It’s Time To Retire Your Old Software

Outdated Public Sector Technology Should Join the Silver Tsunami

By Matt Novak, VP of Business Development

1.) The Silver Tsunami Is Hitting the Public Sector

Baby Boomers are in an exodus across every sector of the United States, but perhaps none so visibly as the public sector and utilities, where the median age of employees is over 50. Government and utilities, with great pensions and job security, have retained talent for decades. This is great! But it also means that as your staff retires en masse, so goes institutional knowledge about software systems that are less than intuitive.

2.) Old Technology Is Compromising Your Security

Relying on legacy applications and infrastructure dramatically increases the likelihood of a security incident. As technology ages, it becomes increasingly more difficult to manage patches, updates, and general IT hygiene. Proactive security features are a hallmark of newer technology. Best practices like threat hunting and security automation help ensure sensitive personal information is guarded against hackers. As government agencies and utilities increasingly offer residents and businesses more personalized digital experiences, the technology that keeps personal data secure must be at the core of their platform, rather than an add-on.

3.) It’s More Cost Effective to Use Newer Technology

An initiative to replace old systems may seem like a big investment, but it will lower your overall IT spend and make your budget easier to predict. Older technology is written in outdated and often completely obsolete coding languages. This usually requires an organization to look outside their internal IT resources in order to maintain or modify even basic functionality. Specialized consultants that charge hourly rates get pricey fast. These engagements will often lead to many change orders and drawn out processes. As technology continues to age, this problem only gets worse.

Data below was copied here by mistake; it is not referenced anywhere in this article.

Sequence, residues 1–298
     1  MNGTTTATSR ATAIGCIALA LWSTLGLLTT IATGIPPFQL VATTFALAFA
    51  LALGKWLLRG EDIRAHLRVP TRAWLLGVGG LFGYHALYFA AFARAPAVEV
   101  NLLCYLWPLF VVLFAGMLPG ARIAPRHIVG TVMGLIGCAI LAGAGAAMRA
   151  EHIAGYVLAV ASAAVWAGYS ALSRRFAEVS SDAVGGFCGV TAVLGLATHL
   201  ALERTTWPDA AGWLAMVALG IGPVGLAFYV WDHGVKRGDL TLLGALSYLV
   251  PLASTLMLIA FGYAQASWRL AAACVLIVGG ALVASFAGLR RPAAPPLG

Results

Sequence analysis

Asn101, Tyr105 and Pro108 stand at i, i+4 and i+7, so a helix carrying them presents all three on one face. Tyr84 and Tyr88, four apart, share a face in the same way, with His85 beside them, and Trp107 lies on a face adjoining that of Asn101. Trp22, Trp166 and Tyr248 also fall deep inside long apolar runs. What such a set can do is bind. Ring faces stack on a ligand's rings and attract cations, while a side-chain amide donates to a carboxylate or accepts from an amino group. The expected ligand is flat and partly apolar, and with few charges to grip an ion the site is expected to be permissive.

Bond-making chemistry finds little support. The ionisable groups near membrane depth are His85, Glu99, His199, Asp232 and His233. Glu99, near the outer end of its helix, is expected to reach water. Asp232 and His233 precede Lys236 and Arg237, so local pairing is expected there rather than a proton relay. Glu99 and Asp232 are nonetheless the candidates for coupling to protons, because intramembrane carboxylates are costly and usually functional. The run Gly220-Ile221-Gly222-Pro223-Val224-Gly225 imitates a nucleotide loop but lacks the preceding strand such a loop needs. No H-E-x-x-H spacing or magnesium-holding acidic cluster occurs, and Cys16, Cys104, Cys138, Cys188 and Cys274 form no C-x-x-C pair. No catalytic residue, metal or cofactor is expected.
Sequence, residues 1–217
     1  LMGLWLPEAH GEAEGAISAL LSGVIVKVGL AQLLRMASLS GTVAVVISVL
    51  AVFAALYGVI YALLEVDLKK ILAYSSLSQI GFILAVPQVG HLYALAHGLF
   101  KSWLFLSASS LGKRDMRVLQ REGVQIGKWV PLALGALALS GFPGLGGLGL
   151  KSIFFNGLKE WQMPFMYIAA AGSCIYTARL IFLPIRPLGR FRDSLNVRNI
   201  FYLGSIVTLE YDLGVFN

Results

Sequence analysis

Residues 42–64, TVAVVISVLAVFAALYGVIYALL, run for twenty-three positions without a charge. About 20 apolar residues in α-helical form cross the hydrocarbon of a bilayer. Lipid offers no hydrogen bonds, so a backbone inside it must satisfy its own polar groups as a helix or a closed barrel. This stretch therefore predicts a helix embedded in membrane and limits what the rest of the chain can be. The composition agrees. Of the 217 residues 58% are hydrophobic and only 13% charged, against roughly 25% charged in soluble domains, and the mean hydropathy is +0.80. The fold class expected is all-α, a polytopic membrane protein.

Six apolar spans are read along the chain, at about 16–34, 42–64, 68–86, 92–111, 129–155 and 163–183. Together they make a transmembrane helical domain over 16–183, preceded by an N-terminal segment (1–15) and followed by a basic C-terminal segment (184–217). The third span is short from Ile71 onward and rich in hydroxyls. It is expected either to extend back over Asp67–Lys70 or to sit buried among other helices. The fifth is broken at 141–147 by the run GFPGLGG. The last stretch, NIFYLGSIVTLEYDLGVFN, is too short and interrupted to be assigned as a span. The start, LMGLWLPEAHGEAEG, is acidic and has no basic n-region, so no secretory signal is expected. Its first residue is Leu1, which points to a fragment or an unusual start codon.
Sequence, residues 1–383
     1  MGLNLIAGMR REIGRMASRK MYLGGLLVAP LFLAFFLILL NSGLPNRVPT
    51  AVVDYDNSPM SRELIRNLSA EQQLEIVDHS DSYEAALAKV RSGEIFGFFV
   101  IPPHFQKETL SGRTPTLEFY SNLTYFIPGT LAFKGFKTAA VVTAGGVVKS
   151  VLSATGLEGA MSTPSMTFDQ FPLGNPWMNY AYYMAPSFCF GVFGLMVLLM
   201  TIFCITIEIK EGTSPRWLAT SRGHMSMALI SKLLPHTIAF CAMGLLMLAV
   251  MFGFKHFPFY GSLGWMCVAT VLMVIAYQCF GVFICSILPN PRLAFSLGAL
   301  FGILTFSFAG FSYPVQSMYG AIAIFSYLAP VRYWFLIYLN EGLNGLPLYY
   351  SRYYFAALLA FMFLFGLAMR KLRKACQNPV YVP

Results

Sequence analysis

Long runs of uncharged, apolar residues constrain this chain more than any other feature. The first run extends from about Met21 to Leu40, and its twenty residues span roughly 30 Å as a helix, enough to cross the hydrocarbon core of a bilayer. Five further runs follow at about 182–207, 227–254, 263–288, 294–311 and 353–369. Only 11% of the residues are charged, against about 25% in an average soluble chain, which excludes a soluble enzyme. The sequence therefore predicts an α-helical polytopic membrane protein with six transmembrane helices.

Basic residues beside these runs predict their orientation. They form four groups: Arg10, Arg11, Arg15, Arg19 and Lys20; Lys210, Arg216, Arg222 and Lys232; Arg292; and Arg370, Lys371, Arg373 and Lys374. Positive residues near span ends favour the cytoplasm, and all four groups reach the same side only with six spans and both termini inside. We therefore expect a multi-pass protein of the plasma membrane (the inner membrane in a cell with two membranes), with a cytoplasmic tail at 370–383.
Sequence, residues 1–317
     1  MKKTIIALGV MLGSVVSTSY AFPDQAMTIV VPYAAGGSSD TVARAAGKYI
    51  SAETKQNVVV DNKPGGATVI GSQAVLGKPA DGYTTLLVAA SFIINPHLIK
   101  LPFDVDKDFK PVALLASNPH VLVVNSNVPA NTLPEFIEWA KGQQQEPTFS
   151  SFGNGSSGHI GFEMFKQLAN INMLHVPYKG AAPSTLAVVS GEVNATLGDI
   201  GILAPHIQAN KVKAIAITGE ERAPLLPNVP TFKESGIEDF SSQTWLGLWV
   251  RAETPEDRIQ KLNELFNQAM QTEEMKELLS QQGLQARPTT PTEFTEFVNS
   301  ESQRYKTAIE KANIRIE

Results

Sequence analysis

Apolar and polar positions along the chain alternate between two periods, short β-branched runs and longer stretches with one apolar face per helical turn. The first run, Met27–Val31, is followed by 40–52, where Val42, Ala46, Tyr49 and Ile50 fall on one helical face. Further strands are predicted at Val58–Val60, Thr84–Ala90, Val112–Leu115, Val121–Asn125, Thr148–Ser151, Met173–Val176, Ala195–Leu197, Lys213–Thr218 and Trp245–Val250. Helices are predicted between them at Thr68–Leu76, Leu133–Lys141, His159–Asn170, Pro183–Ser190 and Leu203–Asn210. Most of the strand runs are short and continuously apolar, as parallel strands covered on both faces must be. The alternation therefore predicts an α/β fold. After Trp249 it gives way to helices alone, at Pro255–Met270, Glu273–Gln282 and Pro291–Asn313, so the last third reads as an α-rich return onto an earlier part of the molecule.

4.) Outdated Software Has No Upgrade Path

The technology of the past is often rooted in on-premise hardware with antiquated workflows and user interface. There’s no easy path to upgrade, and you’ll never be migrated to a newer operating system without physically updating hardware, software, and database systems periodically. Older tech may have served your needs 10 or 15 years ago, but both technology and the public sector are evolving. The current trend is driving agencies to migrate from multiple disparate back-end systems to a fully integrated, unified platform. This is a significant cost savings if various agencies don’t have to support multiple websites, vendors, and products. This leads to better overall customer experience (CX), and the costs of a single system can be shared across multiple agencies and departments.

5.) Your Younger Workforce Wants Better UX

As you recruit younger talent to replace retiring staff, it becomes more important than ever to compete with your employees’ private-sector expectations. This means providing a better user experience (UX) for the technology your staff relies on day to day. Technology solutions should empower your team to get their job done more effectively. In contrast, outdated or overly configured technology can lead staff to create workarounds that add confusion and slow processes. The process accommodates the technology rather than the technology optimizing the process.

Thank You, Next

It can be daunting to say goodbye to the familiar, even when you know there’s something better out there. But the benefits of retiring old technology far outweigh the challenges of migrating. Even though you can find ways to extend its life, older technology is ultimately unsustainable. As you take the steps to update your tech stack, you’ll find that it’s easier than ever to learn from peer cities and others in your industry to find the solutions that are right for you. And starting the process now will set you up for years to come with smarter technology that can evolve with your needs while reducing your overall spend.

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